There are birds we see in our yards that we rarely or never see perched on our feeders. Those we see in our yard are members of the sparrow family. Most are migrants — White-throated, White-crowned, Lincoln’s, American Tree, Chipping, Song, and Swamp would be most usual.


There is one exception: Dark-eyed Junco.


Juncoes are a common winter bird here, moving south from their Canadian breeding grounds.

A friend who lives in northeast Minneapolis recently mentioned a junco perched on one of his feeders, the first time he had seen that, he said. So, the next day I saw three juncoes feeding from the perches of our feeders. I’ll assume I just hadn’t paid attention until he mentioned it.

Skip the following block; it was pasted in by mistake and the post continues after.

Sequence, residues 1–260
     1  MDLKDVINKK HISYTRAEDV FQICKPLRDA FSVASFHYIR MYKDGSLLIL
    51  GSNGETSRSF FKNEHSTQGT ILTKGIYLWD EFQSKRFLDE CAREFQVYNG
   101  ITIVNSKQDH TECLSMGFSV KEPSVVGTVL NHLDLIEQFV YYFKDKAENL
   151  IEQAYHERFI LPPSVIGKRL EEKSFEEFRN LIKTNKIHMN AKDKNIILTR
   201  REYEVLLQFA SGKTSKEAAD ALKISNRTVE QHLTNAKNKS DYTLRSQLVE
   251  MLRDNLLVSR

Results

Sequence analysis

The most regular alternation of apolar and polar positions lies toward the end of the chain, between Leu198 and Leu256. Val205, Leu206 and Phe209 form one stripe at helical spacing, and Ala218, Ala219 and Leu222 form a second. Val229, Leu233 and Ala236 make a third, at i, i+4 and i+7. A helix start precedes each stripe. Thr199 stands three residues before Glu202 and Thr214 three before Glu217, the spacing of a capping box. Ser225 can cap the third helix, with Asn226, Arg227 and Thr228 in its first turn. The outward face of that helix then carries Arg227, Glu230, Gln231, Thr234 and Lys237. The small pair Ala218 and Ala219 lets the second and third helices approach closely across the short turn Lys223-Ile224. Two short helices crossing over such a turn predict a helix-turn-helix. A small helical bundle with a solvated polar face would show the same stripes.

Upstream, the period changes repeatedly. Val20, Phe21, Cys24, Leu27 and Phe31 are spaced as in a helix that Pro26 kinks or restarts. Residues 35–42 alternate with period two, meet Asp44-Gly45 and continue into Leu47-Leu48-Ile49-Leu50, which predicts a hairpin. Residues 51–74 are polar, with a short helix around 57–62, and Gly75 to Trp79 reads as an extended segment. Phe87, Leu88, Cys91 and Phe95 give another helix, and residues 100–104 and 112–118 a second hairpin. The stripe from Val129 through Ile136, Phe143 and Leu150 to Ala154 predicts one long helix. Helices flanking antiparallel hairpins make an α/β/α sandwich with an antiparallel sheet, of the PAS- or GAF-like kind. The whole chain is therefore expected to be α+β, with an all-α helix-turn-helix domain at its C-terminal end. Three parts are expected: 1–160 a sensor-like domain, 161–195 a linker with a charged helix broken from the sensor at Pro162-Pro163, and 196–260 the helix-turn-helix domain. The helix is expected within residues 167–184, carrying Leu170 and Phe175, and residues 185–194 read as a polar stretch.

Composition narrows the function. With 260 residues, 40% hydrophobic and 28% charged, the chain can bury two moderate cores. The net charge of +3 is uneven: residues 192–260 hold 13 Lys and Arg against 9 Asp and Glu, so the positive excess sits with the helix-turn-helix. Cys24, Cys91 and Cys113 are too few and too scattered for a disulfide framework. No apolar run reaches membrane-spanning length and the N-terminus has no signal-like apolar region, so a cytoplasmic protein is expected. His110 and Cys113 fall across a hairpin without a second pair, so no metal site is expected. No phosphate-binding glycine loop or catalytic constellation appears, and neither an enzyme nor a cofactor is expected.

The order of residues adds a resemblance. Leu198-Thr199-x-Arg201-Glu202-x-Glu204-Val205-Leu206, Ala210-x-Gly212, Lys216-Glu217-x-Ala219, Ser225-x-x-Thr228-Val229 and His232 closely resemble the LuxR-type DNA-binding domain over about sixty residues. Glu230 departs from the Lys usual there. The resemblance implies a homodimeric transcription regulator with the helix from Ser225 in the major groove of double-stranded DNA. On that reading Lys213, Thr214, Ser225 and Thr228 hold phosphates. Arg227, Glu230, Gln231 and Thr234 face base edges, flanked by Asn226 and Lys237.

They will take seed knocked to the ground by other birds using the feeders, or you can spill some yourself. 


Seed spread on the ground near cover can bring some of those migrant sparrows to your yard in the spring, a nice change from the usual neighborhood visitors.


There is one other exception, of course, the House Sparrow, which is not a sparrow at all. Officially in the family known as Old World sparrows, they not native here, imports from Europe. And, officially, they are not sparrows in any case. They are members of the weaver finch family. (Take a close look at the woven mess that is their nest.)




Mauna Loa Observatory, Hawaii  |  

Atmospheric carbon dioxide concentrations

parts per million


January 10, 2017

405.95 ppm


January 10, 2016

401.96 ppm